Yesterday during its quick presentation, Intel revealed some important information about the planned processors from the consumer and server segment. The manufacturer decided to change the naming of the subsequent lithographs so that it wouldn’t stand out too much from companies like TSMC from now on. We already know that this year’s Alder Lake processors will use a process known as “Intel 7” – a new name for the previously known improved SuperFin 10nm process. In return, the Meteor Lake processors and Granite Rapids server processors will receive the Intel 4 process, previously referred to as 7nm. In addition, two revolutionary technologies that will be applied in the Intel Å20 process are discussed – RibbonFET transistors and PowerVia, the industry’s first application of the power of a back-end transistor. Now we’ve also learned what the upcoming processors for consumers and servers will look like. Interesting information was revealed by the mass of the meteorite lake system.
During the Intel Accelerated presentation, the manufacturer presented the build of the upcoming Alder Lake, Meteor Lake, Sapphire Rapids and Granite Rapids processors. The new generation of consumer Meteor Lake processors is interesting – integrated graphics chips should have a maximum of 192 EU blocks.
Intel announces changes to lithography – Alder Lake with Intel 7th processing. Intel Å20 with revolutionary RibbonFET on the horizon
Intel first introduced the scheme for creating Alder Lake processors, that is, 12th generation consumer systems that use a hybrid design based on big.LITTLE technology. It will be a combination of efficient Golden Cove cores with energy-efficient Gracemont (the successor to Tremont engineering). The graph revealed above all shows the huge difference in the size of the Golden Cove and Gracemont cores – the second type of core takes up relatively little space in the entire system, while the Golden Cove is decidedly larger – the same single Golden Cove core takes about the same space as the cores. Gracemont’s four. Part of the processor area is also occupied by an integrated Xe-LP graphics chip with up to 96 EU blocks. In turn, the Sapphire Rapids Server Processors Project presents for the first time its modular architecture, with several separate computing blocks. Mass production of Sapphire Rapids server chips will begin in the first quarter of 2022. It is likely that at the end of 2022 there will also be separate variants, which will additionally be equipped with HBM memory.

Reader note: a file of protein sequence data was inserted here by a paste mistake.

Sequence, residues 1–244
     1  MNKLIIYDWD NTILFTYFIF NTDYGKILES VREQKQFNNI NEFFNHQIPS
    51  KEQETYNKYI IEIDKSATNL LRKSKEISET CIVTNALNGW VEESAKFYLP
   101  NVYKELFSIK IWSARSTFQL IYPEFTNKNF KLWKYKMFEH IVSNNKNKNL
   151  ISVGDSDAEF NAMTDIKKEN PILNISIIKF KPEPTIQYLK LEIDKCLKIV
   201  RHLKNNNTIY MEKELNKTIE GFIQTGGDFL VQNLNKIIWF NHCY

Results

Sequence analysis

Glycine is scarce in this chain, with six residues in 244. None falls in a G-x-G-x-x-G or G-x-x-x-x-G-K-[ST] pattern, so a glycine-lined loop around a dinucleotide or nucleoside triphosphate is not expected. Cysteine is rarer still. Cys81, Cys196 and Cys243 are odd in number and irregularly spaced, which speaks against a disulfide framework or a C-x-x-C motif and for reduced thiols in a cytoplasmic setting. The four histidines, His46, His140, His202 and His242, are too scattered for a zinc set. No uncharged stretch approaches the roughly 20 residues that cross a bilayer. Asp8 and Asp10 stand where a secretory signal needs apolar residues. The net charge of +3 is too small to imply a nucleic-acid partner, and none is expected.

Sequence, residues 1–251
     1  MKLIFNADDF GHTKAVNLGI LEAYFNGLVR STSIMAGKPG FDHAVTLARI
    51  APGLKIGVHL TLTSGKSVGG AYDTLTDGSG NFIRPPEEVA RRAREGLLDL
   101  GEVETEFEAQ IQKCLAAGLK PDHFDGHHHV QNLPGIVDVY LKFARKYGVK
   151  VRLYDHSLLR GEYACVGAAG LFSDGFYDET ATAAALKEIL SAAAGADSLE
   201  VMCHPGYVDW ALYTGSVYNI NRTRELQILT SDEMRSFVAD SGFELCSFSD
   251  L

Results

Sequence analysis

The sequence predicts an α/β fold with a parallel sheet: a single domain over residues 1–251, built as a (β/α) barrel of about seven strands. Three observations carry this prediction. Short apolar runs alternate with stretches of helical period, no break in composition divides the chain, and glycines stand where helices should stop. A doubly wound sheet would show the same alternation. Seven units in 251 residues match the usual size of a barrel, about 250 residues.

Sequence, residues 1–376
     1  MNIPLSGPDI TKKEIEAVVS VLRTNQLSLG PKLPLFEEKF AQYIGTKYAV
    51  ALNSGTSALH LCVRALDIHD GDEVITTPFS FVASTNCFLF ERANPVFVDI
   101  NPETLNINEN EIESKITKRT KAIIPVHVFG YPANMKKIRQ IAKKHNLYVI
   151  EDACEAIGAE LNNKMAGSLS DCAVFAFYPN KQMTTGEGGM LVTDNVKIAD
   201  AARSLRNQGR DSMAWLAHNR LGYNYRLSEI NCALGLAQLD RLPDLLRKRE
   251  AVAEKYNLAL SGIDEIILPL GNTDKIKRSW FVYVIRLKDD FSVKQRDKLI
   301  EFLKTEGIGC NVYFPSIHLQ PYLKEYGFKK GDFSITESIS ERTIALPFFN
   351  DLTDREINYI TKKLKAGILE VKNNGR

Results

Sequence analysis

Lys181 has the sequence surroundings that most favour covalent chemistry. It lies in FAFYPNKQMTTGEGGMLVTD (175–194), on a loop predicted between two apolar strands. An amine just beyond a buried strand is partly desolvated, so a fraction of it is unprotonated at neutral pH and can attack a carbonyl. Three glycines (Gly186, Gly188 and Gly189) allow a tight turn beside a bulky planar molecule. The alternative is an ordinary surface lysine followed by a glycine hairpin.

Intel Meteor Lake – the manufacturer confirms that work has been completed on the design of a new x86 architecture for processors
The next two major offerings are consumer Intel Meteor Lake processors and Intel Granite Rapids server units. In both cases, Intel 4 lithography, formerly known as 7 nm, will be used. Meteor Lake processors have a different architecture compared to current consumer systems. The entire processor is divided into three parts, connected in the Foveros way. These processors will be available in different variants, the TDP of which will be from 5 to 125 watts max, and significant changes will be made to the integrated graphics – the weaker variant will include 96 blocks of EU, while some variants will contain as many 192 blocks of EU. Interestingly, one of the variants of the Intel DG2 graphics card with the Xe-HPG architecture is to have the same configuration. Therefore, a very powerful integrated iGPU chip is being prepared, which will struggle with competing AMD RDNA 2 graphics systems with the next generation of APUs. Intel Granite Rapids server processors, in turn, will provide a more advanced architecture, with different blocks using the Foveros connection.
Source: Intel, VideoCardz
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